Accomplishing Daily Routines
Growing up with the diagnosis of ADHD, OCD and Tourette syndrome I constantly struggled with issues of control and excessive activity levels. I sought out structure from others because I felt that I could not structure myself, but then rebelled at the idea of structure because it felt too confining to me.
What I found over the years was that I needed an unstructured-structure approach to my life. One that would give me the liberty to make choices and experience a sense of freedom, while keeping me directed towards the goals and objectives needed to pursue my dreams.
Special needs children who suffer from various neurological disorders can often benefit when the adults in their world offer them an unstructured-structure approach.
Think of unstructured structure as setting up the foundation and framework of a house, then letting the new owners choose how the home will be finished. They would have the choices of carpet or hardwood floors, appliances, countertops, color schemes, sound systems, etc. The same principle applies here. As the adult, you set up the foundation and framework; you then have the child become involved in completing the work, which allows her to incorporate her own personal choices.
In other words, unstructured structure does not allow for completely random and uncontrolled freedom for a child with disorders, but instead creates a “buy-in” where the child takes personal responsibility for her thoughts and actions while being able to receive proper guidance and advice.
It also teaches her how to fit into society without giving up who she is as a person.
A simple example might be when you’re helping a child wake up in time to get ready for school. Some positive options might include:
- Letting your child choose a CD of music that she feels will help wake her up on time.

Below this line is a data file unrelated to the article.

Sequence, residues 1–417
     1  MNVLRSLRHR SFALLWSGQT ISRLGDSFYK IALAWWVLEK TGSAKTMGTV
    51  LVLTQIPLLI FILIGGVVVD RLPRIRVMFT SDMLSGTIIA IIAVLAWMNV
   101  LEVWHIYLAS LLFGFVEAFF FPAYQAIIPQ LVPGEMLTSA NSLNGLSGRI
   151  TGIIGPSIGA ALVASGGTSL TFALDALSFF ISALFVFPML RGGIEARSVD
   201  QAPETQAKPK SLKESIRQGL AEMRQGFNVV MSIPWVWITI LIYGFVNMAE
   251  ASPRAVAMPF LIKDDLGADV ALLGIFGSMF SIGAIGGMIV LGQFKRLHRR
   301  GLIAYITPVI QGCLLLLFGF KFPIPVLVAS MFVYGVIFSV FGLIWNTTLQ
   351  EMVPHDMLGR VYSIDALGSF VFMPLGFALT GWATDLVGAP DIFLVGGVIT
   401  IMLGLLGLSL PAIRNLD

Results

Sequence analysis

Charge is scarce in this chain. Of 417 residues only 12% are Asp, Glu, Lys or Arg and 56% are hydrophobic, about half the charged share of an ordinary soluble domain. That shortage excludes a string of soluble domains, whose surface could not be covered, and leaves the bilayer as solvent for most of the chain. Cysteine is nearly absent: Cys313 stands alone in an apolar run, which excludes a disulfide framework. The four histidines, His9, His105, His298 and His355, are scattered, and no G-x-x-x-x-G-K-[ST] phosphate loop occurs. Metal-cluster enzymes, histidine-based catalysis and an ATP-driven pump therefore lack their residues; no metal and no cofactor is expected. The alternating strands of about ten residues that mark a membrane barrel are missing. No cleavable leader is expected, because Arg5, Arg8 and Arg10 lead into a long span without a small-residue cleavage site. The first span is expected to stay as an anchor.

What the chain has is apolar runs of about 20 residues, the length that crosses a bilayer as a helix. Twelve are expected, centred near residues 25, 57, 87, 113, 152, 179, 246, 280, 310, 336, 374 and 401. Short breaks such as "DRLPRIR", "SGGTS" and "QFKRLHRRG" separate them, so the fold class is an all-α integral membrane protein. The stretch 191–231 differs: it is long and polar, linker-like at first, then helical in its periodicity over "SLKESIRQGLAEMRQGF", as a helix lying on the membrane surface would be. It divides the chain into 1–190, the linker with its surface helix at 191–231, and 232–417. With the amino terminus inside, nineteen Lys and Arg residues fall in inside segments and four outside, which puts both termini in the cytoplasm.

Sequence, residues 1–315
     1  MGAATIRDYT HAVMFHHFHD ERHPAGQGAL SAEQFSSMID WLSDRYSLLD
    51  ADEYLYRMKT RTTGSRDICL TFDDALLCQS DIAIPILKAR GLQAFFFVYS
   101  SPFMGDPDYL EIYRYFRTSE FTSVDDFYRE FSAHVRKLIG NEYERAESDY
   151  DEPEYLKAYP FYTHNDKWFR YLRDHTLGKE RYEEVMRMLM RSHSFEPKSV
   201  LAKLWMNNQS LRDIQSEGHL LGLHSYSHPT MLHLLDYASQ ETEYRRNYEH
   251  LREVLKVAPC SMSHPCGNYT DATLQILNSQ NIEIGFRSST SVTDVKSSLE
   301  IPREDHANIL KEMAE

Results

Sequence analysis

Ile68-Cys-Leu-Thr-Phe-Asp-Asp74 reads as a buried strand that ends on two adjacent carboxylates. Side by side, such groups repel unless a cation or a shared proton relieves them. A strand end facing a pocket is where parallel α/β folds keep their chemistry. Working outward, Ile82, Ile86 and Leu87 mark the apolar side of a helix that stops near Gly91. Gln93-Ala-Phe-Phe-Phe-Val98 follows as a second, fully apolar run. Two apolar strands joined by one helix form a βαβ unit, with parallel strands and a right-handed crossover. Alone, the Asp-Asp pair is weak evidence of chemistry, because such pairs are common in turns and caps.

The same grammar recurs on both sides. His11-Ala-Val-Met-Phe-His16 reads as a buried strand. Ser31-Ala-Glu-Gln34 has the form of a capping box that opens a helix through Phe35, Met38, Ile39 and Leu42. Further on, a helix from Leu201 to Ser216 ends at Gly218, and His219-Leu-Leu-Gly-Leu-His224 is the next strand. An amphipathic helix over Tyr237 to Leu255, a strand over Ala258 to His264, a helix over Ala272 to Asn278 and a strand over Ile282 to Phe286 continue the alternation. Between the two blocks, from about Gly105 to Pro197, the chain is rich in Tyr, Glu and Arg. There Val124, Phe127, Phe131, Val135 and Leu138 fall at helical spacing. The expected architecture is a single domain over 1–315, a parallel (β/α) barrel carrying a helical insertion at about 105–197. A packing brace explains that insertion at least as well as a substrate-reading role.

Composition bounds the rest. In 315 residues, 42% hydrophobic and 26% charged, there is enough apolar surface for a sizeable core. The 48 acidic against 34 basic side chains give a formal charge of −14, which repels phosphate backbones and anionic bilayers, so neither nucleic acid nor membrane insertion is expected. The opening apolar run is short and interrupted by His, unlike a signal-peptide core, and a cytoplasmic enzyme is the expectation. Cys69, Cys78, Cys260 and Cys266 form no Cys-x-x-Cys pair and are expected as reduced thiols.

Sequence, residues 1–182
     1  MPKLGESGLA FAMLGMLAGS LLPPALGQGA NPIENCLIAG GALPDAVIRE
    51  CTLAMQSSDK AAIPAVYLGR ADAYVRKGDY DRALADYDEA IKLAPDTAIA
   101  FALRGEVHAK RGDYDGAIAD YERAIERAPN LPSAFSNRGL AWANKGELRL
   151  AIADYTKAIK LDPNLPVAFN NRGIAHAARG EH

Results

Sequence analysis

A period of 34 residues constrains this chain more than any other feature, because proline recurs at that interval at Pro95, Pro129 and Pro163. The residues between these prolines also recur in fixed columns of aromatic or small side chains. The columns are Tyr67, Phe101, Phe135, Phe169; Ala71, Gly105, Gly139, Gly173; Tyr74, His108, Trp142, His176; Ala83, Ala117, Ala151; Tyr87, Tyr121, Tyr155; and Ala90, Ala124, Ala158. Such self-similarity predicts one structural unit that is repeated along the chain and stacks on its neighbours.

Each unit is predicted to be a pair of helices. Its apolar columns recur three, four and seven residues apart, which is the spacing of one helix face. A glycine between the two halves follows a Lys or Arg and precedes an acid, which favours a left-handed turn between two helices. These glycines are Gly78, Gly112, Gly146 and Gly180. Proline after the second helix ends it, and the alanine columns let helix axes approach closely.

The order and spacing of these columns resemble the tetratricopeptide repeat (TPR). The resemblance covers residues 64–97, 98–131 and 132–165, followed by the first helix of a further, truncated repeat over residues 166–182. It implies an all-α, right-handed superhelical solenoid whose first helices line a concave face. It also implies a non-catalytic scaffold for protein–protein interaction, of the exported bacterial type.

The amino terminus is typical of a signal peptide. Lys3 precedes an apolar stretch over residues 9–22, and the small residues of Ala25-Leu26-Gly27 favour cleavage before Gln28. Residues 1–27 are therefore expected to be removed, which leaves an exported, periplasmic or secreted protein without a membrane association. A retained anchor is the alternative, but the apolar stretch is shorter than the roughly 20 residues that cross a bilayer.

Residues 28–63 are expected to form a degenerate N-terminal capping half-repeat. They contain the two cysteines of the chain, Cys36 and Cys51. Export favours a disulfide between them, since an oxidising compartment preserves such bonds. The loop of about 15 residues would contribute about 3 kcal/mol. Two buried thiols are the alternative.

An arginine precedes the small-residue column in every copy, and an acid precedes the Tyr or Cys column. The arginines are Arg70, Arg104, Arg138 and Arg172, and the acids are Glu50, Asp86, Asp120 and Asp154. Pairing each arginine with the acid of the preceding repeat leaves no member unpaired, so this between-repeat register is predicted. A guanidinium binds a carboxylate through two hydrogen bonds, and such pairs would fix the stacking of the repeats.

- Setting the clock ahead, so that she can feel as if she has slept in (this one works for me!).
- Taking time at night to relax and calm the mind before bedtime, which may include an offer of lying with her, reading to her, talking calmly or even telling jokes, and rubbing her back (and yes, teenagers like this too!)
- If the child offers a reasonable solution, give it consideration. This can help her learn the benefit of self-management while creating self-awareness.
Let your child choose which option suits her best and implement them. Eventually you should find things that work consistently and may even notice patterns of rewards that work better for the child than others. Do not be surprised if that reward is nothing more than the choice itself.
Once a few goals are in place and working well, move on to a few more. Be careful of attempting too many at once, even if it is going successfully. Too much could be overbearing: it may push the child into feeling controlled, which will cause her to instinctually rebel against the whole plan.
Options for other areas may include:
- Setting her own time schedule.
- Choosing which chore or school assignment to do first or last.
- Choosing to occasionally receive the reward before the work.
Allow the child the freedom to experiment so she can get a feel of what works and what does not work. Children with disorders need to see for themselves before they will buy into most ideas.
This will begin to provide structure in a way that allows the child to feel more control. By having choices instead of directives, the child can accept the regulation without feeling too confined.
As the child matures, areas of responsibility may increase, such as staying out later and having a curfew. Although it may take negotiation and creativity, it can still be accomplished using the unstructured-structure approach through the appeal of mutually shared options.
Unstructured structure is nothing more than an open-minded perspective with optimistic compromises.
February 1, 2013